Cancer Research UK retains top position in Charity Brand Index

Macmillan Cancer Support has climbed to second place in the 154-strong annual Third Sector index, and the Royal British Legion has slipped to third

Cancer Research UK
Cancer Research UK

Cancer Research UK has retained the top spot in the annual Third Sector Charity Brand Index, which gauges public awareness of charity brands.

Macmillan Cancer Support has climbed into second place on the list and the Royal British Legion has fallen back one place to third.

The results also show that Save the Children has dropped out of the top 20 for the first time since 2011, falling 14 places to 29th.

The Charity Brand Index, which is in its seventh year, is compiled in partnership with the market research company Harris Interactive and is based on an online survey of 4,279 UK adults.

Between 3 and 16 July, respondents were asked questions to determine which charities they were most aware of, whether they trusted them, how likely they were to donate to them, whether they had seen them in the news or advertisements, whether they cared about their causes and whether they understood their work.

Comic Relief, which spent some of its resources over the past year launching the first Red Nose Day in the US in May, has left the top 10 after falling three places in the ranking of 154 charities to 11th. It has been replaced by the Great Ormond Street Hospital Children's Charity, which ranks 10th this year.

International HIV/Aids Alliance, a global partnership of national organisations, is this year’s biggest climber, rising 35 places to 102nd in the index.

The children’s epilepsy charity Young Epilepsy has risen by 32 places to 113th, and the Royal Marsden Cancer Charity has gone up 22 places to 63rd.

The disability charity Scope has fallen by the most places, dropping 46 to 94th. The Catholic aid agency Cafod has dropped 37 places to 148th.

Martin Bradley, associate director of media and entertainment at Harris Interactive, said that Save the Children’s decline might have been caused by the negative media coverage the children’s charity received while the research took place. The Sun newspaper ran a story on 13 July focusing on the money the charity paid to an advertising agency that was co-founded by the brother of Save the Children’s chief executive, Justin Forsyth.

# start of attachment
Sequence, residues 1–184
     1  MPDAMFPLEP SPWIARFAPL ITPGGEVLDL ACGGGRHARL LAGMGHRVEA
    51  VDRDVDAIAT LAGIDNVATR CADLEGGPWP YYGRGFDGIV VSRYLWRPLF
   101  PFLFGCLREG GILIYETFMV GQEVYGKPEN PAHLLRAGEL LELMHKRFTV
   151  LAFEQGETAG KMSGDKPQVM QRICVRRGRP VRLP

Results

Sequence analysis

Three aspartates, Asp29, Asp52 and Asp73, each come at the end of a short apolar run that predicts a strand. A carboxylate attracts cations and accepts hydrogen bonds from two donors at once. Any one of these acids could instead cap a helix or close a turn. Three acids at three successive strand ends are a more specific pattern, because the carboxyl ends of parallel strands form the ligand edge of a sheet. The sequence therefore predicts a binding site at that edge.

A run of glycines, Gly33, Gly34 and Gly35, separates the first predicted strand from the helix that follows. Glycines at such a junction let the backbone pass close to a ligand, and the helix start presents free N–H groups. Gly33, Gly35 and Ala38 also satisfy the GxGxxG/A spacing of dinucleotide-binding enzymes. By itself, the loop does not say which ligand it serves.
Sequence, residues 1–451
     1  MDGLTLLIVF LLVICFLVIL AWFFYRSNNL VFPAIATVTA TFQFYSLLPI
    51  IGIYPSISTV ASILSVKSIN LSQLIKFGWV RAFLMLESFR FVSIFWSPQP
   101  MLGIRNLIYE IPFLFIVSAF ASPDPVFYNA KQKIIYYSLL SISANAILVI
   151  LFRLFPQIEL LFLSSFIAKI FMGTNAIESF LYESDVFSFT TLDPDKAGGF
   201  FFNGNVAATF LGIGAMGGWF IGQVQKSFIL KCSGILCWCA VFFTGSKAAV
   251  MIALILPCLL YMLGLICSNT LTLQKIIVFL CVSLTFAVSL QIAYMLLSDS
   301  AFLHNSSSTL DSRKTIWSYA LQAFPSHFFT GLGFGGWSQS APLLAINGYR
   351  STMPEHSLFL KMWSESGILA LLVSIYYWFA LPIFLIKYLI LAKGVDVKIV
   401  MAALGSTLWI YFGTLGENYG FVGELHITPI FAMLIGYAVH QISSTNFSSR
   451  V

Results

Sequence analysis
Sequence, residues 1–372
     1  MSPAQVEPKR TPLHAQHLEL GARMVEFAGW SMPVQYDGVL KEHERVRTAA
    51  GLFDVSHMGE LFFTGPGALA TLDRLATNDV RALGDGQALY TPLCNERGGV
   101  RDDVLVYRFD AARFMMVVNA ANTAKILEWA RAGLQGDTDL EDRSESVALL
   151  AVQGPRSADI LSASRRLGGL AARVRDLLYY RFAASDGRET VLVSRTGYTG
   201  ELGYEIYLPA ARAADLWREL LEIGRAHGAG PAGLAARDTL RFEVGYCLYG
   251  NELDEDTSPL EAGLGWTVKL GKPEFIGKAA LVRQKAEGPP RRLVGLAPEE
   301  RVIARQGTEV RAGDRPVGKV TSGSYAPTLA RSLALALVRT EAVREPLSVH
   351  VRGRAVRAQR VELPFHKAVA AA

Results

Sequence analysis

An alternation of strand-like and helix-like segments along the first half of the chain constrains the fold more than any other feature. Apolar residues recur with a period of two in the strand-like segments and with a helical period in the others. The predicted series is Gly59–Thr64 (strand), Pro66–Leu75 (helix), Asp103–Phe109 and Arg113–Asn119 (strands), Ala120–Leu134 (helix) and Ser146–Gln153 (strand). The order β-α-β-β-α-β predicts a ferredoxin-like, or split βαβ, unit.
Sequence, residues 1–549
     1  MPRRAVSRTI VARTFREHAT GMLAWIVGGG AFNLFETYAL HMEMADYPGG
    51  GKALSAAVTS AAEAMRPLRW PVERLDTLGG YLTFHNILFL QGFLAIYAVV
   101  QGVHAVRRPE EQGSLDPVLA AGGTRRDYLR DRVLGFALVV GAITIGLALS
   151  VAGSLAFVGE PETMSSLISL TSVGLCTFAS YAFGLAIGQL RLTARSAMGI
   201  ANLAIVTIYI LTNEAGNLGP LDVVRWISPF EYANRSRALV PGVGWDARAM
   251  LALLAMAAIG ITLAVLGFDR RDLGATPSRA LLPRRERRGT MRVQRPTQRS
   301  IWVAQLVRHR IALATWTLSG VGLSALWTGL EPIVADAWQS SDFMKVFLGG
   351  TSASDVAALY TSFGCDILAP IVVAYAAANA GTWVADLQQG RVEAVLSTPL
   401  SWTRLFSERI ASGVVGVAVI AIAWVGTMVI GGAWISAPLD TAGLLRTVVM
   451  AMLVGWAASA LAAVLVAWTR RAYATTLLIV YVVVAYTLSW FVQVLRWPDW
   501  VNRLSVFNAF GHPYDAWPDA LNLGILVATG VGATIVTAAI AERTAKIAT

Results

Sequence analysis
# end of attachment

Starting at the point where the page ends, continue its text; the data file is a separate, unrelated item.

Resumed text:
The children’s charity the Make-A-Wish Foundation is the highest new entry for 2015 at 32nd. There are three new entries to the top 20: Breast Cancer Care, the Salvation Army and Citizens Advice.

Kate Eden, head of brand at CRUK, said that its top ranking was further evidence that the charity’s "beat cancer sooner" message was cutting through. "We’re continuing to develop relevant new ways to deliver this message, and this includes a continual push on our visual identity, building on the great foundations of our 2012 rebrand," she said.

The index shows that prompted awareness of the 154 charities in the list fell from 42 per cent to 35 per cent in 2015, while the public’s willingness to donate increased from 16 per cent to 19 per cent.

The top 10 (last year’s ranking in brackets)

1 Cancer Research UK (1)

2 Macmillan Cancer Support (3)

3 Royal British Legion/Poppy Appeal (2)

4 RSPCA (6)

5 British Heart Foundation (5)

6 BBC Children in Need (4)

7 Marie Curie Cancer Care (7)

8 Help for Heroes (9)

9 NSPCC (10)

10 Great Ormond Street Hospital Children's Charity (12)

For more information on how to purchase the full report, click here.

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